A new comedic web series takes a uniquely honest look at a young woman’s struggle with bulimia, and all the psychological struggles that go along with having an eating disorder. Comedian Jessie Kahnweiler struggled to get her series The Skinny out to audiences after spending 10 episodes exploring issues such as tumultuous relationships with romantic partners and family, career issues, as well as living with bulimia.
After screening her series at Sundance earlier this year and signing on Transparent’s Jill Soloway as producer, Kahnweiler felt understandably nervous about showing a project that was so personal to her to the world. During the course of the series, viewers see Kahnweiler, who plays a fictionalized version of herself, binge and purge as well as deal with her overbearing mother and sketchy boyfriend.
Kahnweiler say that while the series is not totally based on her life, some of the aspects that deal with bulimia are taken straight from her own 10 year struggle with the disorder. She says she’s wanted to share her experiences for a long time and the series has finally given her the opportunity to do just that. Kahnweiler decided that comedy was the only way she could present a subject that was so dark and also so personal to her.
The Skinny successfully tackles the subject with a unique combination of perceptiveness and irreverent humor. Kahnweiler says that finding humor in even the most dire situations is a cathartic experience for her and has helped cope with a disorder that has been like a living hell for her.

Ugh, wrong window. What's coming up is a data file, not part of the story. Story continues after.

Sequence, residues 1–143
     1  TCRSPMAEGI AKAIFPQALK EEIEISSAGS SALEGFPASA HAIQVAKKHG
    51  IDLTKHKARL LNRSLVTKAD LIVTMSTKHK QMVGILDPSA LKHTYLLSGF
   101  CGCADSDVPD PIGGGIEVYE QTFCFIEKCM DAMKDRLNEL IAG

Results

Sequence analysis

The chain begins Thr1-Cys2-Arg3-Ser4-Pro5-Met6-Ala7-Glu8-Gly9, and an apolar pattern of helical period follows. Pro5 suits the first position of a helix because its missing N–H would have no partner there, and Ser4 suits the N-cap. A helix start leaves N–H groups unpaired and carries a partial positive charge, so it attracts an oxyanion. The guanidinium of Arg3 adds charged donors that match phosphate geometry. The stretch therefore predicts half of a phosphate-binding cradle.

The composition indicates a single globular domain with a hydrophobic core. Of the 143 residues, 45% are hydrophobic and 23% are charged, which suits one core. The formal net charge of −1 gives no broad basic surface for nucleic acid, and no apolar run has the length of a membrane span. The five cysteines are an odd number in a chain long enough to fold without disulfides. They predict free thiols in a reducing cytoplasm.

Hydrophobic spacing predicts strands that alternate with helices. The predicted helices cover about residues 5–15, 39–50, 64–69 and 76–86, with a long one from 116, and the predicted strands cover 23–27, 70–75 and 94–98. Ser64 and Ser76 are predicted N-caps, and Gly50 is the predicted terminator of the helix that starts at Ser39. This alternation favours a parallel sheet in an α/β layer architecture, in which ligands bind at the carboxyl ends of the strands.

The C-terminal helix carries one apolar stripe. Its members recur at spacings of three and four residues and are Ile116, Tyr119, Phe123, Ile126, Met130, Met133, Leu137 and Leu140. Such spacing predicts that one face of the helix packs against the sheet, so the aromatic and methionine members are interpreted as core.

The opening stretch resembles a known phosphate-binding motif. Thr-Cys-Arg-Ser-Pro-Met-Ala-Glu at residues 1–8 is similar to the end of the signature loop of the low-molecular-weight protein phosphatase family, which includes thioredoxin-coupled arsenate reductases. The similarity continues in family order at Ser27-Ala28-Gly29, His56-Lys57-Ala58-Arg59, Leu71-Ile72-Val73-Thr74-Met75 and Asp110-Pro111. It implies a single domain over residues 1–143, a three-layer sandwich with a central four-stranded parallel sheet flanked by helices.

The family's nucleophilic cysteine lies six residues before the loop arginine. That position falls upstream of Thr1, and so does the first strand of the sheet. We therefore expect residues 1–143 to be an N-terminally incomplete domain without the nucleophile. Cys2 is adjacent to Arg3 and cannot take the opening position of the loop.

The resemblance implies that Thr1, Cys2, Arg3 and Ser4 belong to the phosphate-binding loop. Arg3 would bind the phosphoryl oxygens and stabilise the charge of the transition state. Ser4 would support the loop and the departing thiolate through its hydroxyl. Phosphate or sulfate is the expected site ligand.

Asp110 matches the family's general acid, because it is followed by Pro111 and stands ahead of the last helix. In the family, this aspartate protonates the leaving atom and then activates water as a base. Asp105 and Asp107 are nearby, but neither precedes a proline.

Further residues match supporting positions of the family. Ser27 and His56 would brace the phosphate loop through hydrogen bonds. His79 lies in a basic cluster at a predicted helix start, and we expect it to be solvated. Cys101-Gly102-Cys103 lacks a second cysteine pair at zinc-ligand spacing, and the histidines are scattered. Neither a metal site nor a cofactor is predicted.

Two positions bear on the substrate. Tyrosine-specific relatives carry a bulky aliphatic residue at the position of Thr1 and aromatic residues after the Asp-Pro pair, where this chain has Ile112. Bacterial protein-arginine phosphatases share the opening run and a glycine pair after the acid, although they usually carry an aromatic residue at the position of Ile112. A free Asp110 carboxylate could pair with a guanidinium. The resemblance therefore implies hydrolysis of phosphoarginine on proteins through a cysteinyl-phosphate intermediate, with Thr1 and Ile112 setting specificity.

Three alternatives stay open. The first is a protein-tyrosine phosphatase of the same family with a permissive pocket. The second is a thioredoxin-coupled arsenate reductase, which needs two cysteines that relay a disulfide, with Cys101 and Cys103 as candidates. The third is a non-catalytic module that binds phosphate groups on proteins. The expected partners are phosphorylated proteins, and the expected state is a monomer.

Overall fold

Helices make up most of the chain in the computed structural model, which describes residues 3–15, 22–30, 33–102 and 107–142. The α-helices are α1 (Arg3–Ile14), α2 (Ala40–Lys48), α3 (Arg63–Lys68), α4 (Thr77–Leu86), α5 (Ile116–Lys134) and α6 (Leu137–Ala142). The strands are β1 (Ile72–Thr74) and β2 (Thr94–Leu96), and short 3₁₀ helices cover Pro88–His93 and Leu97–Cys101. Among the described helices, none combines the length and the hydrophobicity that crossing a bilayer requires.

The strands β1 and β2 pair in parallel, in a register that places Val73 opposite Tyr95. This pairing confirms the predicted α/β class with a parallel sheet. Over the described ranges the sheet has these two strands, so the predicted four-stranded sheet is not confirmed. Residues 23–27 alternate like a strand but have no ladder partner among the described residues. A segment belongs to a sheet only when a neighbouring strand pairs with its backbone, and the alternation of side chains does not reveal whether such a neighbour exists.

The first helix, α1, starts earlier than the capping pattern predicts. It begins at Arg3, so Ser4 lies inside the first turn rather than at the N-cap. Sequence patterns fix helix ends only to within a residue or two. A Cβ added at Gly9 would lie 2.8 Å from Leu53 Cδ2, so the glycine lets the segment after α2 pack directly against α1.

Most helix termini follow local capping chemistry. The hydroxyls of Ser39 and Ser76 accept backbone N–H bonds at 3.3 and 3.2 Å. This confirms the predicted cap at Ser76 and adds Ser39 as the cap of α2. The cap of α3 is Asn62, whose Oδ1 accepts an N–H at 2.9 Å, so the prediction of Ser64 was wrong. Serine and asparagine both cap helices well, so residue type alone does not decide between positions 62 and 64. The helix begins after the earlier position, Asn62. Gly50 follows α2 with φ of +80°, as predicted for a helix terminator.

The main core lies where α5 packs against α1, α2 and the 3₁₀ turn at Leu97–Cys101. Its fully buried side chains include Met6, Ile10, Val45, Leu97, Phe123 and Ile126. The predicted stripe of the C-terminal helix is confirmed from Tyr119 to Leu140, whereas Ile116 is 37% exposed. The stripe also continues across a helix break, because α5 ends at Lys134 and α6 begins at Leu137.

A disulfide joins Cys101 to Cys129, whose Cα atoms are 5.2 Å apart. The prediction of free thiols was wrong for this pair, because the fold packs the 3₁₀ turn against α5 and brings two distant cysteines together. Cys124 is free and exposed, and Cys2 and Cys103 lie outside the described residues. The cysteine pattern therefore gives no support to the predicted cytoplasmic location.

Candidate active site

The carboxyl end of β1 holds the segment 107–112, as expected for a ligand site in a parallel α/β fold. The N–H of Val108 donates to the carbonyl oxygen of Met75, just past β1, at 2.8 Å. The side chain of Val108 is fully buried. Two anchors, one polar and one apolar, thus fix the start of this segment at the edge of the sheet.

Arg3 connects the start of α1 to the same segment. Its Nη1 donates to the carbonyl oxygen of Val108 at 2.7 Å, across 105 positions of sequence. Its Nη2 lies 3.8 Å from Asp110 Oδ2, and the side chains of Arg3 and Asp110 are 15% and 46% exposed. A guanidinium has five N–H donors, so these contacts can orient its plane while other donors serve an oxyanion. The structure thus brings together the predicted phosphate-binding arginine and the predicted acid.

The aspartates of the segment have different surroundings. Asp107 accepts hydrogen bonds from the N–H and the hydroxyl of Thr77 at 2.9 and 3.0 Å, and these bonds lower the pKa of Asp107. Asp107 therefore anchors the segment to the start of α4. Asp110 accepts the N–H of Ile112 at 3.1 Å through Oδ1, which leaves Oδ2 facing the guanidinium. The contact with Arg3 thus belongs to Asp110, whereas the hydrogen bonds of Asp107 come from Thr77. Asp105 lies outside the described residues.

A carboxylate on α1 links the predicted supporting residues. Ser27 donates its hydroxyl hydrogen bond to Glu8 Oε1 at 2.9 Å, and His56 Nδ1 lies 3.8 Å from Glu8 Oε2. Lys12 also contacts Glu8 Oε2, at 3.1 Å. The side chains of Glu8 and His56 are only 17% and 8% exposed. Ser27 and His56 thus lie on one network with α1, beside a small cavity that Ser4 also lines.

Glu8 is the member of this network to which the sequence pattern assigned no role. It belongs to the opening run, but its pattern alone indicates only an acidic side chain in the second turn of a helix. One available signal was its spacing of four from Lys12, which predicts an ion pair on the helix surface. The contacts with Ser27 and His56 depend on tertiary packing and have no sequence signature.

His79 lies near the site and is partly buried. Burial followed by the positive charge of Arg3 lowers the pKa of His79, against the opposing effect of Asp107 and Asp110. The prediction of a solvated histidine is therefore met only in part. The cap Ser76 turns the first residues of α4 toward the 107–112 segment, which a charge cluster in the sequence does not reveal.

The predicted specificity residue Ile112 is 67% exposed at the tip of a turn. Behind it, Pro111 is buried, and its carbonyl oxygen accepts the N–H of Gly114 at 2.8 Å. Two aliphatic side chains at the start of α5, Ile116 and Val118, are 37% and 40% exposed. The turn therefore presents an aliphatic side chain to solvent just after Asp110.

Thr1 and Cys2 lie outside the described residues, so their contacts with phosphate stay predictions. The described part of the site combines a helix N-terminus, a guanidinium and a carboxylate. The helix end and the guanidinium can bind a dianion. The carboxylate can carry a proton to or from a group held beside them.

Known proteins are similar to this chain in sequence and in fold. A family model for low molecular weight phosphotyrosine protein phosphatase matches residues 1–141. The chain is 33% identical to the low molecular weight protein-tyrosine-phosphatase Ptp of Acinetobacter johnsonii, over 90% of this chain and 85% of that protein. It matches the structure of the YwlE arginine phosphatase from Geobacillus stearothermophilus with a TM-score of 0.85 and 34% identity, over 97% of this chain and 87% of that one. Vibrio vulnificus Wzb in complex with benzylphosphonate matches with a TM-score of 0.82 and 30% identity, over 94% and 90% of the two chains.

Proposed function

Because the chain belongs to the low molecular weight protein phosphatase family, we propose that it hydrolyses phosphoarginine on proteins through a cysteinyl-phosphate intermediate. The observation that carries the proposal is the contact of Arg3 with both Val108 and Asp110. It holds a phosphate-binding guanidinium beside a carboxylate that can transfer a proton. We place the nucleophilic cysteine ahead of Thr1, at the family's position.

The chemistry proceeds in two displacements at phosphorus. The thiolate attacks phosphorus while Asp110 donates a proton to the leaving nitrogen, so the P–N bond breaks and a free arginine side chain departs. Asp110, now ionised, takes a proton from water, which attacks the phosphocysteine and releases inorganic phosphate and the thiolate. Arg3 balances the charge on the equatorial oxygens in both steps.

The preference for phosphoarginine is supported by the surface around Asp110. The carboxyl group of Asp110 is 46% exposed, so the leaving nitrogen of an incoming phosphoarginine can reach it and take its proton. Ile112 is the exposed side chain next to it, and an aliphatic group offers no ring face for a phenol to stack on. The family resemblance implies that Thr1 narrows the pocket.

The dark subject matter may have been the reason why Kahnweiler had such a difficult time financing the series. She eventually turned to Kickstarter, an online crowd fundraising site, that helped her raise over $12,000 to get the project off the ground. She found that many of her donors were women like herself who had struggled with or were currently battling some form of an eating disorder.Many women expressed their desire to see their disorder portrayed in a truthful manner.
Kahnweiler eventually gained the backing of Soloway who produced the series and garnered the support of Refinery29. Soloway’s participation gave Kahnweiler the guidance she was looking for, as well as a production team that could finally get the series going.
What makes the series so unique is the way it portrays bulimia as a complex psychological condition that doesn’t only have to do with a person’s weight. Kahnweiler herself does not fit the stereotypical profile of a bulimic – she is a healthy looking, outspoken young woman.
The series places an emphasis on all the insecurities and psychological turmoil that go along with having the disorder. There is also a focus on relationships and career struggles that many young women will relate to.
Kahnweiler says telling her story is her way of raising awareness of an issue that is still widely misunderstood. It is estimated that around 20 million women in the United States are struggling with an eating disorder and it is this staggering number that motivated Kahnweiler in creating a series that dealt with some of her most personal issues. So far she has received a lot of positive feedback from female viewers thanking her for her honesty. The reception has made Kahnweiler feel less alone in her struggle.